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Sunday, November 7, 1999 Published at 04:27 GMT

World: Americas

Guatemalan 'killer' set for top job

Self-confessed killer Alfonso Portillo is leading the polls

Preliminary results in Guatemalan presidential elections have placed Alfonso Portillo of the conservative Republican Front (FRG) in the lead with 47.68% of the vote, officials said on Monday.

With almost two-thirds of the ballot now counted, Mr Portillo - a self-confessed killer - looks certain to become Guatemala's next president, replacing the outgoing President Alvaro Arzu.

This is Guatemala's first general election since the peace agreement that ended a long-running civil war three years ago.

Mr Portillo's main rival, businessman Oscar Berger of the ruling Party of National Advancement (PAN), has received 31.19% of the vote and left-wing New Nation Alliance (ANN) candidate Alvaro Colom is third with 11.18%.

The winner must receive an outright majority to avoid a second round of voting.

Mike Lanchin: Portillo is set to become Guatemala's fifth president
The BBC's correspondent in the region, Mike Lanchin, says most of the votes pending are from the countryside, where Mr Portillo's populist style of campaigning is expected to have had the best results.

Election officials said more complete results would be delayed until later on Monday because of poor weather and because of unexpectedly high voter turnout.

Some 4.5 million people were registered to elect the president, vice-president, members of Congress and regional assemblies.

Ex-guerrillas take part

Mr Portillo is supported by a former military leader, Rios Montt, whose counter-insurgency campaign 18 years ago was described as genocide by human rights groups.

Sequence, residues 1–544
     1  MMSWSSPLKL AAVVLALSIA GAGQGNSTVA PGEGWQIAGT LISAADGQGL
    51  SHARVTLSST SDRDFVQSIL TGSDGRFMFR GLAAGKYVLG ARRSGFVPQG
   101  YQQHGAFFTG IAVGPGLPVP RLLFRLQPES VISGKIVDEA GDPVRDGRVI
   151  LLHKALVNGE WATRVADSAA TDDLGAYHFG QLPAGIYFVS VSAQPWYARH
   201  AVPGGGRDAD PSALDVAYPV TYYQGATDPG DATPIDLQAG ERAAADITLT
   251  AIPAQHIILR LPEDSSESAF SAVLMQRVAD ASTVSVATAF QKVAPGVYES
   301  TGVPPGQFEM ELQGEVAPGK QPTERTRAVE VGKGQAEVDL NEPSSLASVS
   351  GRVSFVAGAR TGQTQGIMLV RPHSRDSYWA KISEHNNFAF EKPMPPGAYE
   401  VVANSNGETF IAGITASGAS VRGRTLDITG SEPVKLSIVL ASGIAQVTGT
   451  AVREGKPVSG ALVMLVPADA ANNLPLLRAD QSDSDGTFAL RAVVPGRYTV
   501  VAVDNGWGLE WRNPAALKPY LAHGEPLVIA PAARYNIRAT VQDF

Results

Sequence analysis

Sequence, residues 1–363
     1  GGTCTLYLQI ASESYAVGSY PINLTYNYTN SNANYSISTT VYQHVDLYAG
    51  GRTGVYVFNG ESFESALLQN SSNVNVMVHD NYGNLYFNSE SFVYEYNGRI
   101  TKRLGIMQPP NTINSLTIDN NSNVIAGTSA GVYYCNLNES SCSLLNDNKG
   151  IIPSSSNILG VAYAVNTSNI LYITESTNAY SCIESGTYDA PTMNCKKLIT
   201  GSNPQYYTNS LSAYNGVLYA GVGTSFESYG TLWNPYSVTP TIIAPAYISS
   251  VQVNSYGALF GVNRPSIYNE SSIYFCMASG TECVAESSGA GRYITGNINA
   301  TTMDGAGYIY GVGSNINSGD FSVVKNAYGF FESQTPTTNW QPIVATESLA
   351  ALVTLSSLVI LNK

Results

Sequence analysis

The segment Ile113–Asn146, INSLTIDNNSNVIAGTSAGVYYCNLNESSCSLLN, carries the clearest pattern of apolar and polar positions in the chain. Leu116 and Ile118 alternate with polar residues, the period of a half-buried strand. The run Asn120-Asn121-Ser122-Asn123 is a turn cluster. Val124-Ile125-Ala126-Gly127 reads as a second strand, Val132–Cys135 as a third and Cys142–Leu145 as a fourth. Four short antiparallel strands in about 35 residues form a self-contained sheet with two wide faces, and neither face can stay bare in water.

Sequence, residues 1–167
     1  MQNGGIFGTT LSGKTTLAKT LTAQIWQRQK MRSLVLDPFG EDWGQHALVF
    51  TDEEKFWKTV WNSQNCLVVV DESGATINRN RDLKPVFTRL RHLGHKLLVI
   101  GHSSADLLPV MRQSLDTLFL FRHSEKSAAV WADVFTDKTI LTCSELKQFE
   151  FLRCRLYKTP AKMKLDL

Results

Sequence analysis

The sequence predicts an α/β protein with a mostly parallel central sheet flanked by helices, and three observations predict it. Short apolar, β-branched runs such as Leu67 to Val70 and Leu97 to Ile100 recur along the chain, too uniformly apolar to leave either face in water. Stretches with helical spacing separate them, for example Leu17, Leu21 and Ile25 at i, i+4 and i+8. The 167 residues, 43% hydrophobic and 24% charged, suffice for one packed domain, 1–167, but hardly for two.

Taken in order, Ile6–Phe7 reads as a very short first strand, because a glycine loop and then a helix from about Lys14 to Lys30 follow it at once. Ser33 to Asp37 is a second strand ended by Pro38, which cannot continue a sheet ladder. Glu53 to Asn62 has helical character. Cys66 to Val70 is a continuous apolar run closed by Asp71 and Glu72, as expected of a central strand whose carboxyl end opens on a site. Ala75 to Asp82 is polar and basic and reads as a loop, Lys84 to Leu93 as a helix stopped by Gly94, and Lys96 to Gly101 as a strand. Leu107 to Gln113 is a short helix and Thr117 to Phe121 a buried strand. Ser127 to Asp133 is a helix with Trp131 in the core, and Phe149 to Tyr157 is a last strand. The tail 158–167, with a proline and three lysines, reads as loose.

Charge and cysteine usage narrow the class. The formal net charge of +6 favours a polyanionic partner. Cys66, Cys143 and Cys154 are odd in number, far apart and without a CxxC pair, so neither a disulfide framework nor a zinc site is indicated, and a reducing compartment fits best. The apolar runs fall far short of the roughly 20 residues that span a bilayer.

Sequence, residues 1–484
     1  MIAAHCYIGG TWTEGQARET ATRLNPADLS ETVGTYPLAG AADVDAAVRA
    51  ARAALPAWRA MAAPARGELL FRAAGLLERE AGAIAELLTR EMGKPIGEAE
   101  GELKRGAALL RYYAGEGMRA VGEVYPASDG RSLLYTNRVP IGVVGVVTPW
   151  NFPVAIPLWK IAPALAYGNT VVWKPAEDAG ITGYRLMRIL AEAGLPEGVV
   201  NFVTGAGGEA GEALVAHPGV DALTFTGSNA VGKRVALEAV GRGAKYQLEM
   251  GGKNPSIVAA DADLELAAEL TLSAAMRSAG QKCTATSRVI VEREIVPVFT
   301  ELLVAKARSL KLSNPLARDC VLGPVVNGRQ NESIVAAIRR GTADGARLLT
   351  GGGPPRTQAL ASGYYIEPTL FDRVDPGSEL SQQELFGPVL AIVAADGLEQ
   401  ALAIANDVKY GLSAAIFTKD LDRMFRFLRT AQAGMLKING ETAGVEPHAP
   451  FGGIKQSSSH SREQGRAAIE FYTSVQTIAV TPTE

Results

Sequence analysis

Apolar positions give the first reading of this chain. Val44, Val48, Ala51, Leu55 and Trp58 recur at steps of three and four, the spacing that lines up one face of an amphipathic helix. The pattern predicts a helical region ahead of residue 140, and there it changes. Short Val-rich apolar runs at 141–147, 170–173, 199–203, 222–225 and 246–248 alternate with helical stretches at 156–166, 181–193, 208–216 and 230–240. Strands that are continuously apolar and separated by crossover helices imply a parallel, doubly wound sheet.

[ image: Latest polls put Oscar Berger in second place]
Latest polls put Oscar Berger in second place
Mr Montt, who is constitutionally barred from running for president because of his past rule, topped a list of congressional candidates for the FRG - a party he helped to found.

Before the election, human rights groups warned Mr Portillo's party represented the country's murky past of political repression and human rights abuses.

But our correspondent says ordinary Guatemalans will have based their choice on how their lives have been affected since President Arzu brought the country's civil war to a formal end with a peace deal with leftist rebels in December 1996.

Although political freedoms and an end to repression are among the more tangible benefits of that peace, it has also brought soaring crime and high unemployment - Mr Portillo has promoted a law and order agenda and supports the death penalty.


Mr Portillo recently admitted that he, himself, once killed two people at a party 17 years ago, claiming self-defence.

But he has managed to turn the incident into a political asset, arguing that a man capable of defending his life would be certain to defend the lives of Guatemalans.

For his part, Mr Berger has pledged to continue the economic development policies of President Arzu.

The vote comes at a time of growing disillusion over the government's failure to implement key reforms, which were agreed as part of the 1996 peace deal.

These reforms include curbing the military's power, recognising the impoverished Mayan Indian majority and reforming taxation to pay for health, education and housing programmes for the poor.

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US State Department Report on Human Rights in Guatemala

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